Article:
- Associated Press - Tuesday, August 26, 2014

PROVIDENCE, R.I. (AP) - Rhode Island’s Democratic gubernatorial hopefuls went on the offensive during a debate Tuesday, with newcomer Clay Pell using testy exchanges between his opponents to paint himself as an outsider attacking problems, not individuals.

Pell squared off against Treasurer Gina Raimondo and Providence Mayor Angel Taveras in an hour-long debate at the Providence Performing Arts Center. It was sponsored by WPRI-TV and The Providence Journal.

The candidates were asked about their plans on everything from taxes and job creation to the use of standardized tests as a high school graduation requirement. Early on, Taveras and Raimondo became locked in a back-and-forth in part over the mayor’s accusation that Raimondo is aligned with Wall Street. He has criticized her campaign contributions from the industry, among other things.

“I don’t owe Wall Street a thing. I owe you everything,” he said, addressing the audience and at-home viewers.

Raimondo refuted his charge, saying she has never worked on Wall Street and that everything she has done as treasurer - including an overhaul of the pension system in 2011 that is tied up in litigation - was in the best interest of the state.

“He has mischaracterized who I am, what I stand for and what I’ve done,” she said of Taveras.

Pell, meanwhile, tried to use the disagreement to his advantage, calling his opponents “two elected politicians” fighting over what they had and hadn’t done.

“That has been the tenor of this entire campaign,” said Pell, the grandson of the late U.S. Sen. Claiborne Pell and husband of former Olympic figure skater Michelle Kwan. “I want to focus on the problems that we face and address the challenges.”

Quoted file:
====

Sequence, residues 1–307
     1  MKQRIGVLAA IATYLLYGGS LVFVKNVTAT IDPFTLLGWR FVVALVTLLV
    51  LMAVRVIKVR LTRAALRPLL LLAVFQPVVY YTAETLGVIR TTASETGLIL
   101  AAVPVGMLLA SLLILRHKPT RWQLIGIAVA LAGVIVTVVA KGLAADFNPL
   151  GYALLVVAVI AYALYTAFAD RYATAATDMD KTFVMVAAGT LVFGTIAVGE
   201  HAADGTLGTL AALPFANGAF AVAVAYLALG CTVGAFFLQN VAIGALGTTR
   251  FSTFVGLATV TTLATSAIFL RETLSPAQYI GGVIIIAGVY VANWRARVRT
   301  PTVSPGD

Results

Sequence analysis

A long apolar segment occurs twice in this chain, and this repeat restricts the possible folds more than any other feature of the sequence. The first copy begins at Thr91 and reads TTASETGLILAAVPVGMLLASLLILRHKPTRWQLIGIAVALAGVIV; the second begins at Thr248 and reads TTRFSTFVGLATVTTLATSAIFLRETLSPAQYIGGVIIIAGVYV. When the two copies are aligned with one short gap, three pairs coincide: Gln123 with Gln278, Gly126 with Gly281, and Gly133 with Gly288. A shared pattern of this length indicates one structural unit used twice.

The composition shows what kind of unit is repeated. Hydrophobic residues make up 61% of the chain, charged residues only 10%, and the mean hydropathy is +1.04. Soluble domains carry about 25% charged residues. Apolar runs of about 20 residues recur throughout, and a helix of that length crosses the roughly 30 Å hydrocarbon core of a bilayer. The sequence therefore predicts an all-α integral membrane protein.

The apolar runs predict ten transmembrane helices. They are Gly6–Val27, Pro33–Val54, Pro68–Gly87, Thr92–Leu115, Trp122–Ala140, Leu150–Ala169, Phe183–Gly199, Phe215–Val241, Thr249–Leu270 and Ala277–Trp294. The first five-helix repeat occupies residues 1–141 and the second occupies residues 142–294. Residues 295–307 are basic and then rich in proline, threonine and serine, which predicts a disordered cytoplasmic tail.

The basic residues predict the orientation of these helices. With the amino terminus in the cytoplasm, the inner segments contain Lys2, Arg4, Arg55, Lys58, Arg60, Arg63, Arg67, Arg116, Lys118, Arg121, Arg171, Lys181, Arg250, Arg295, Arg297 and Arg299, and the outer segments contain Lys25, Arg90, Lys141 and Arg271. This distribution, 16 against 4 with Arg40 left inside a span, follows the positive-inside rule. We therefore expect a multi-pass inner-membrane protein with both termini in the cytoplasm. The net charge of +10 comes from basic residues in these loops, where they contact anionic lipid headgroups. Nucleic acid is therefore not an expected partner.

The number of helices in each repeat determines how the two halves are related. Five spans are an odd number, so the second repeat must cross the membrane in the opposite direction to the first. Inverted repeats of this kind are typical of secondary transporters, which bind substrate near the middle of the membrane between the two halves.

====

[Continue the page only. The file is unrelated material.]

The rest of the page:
Pell several times labeled himself the “progressive” Democrat in the race and took direct criticism, mainly from Taveras’ camp, that he doesn’t have the qualifications to be governor. The mayor has said Pell had “nine jobs in eight years” - including a U.S. State Department internship - and questioned the depth of his experience.

But Pell forcefully defended his resume, which includes work as director of strategic planning for the National Security Council, an officer and prosecutor in the U.S. Coast Guard and, briefly, an official at the U.S. Department of Education.

“My experience is different than others in this race, and I’m proud of it,” he said.

Raimondo continued to portray herself as someone who has taken on tough issues and gotten things done, saying she’ll be the “jobs governor.” The state has had a chronically high unemployment rate in recent years, at times the nation’s worst, and she is pushing a plan for a manufacturing resurgence.

Taveras said he too has tackled tough issues in Providence, noting the work he did to close most of a $110 million structural deficit that threatened to sink the capital into municipal bankruptcy.

Pell criticized the influence of special-interest money in politics and highlighted his pledge not to take contributions from political action committees or state lobbyists. But Pell, who has contributed more than $3 million of his own money, fielded a jab for largely self-financing his campaign.

“Not everyone can do that, Mr. Pell,” said Taveras, who trails significantly in the money race.

The winner of the Sept. 9 primary will face either Cranston Mayor Allan Fung or small businessman Ken Block. The two Republicans are scheduled to meet in a televised debate next Tuesday at the same venue.

Gov. Lincoln Chafee, a Democrat, isn’t seeking a second term.


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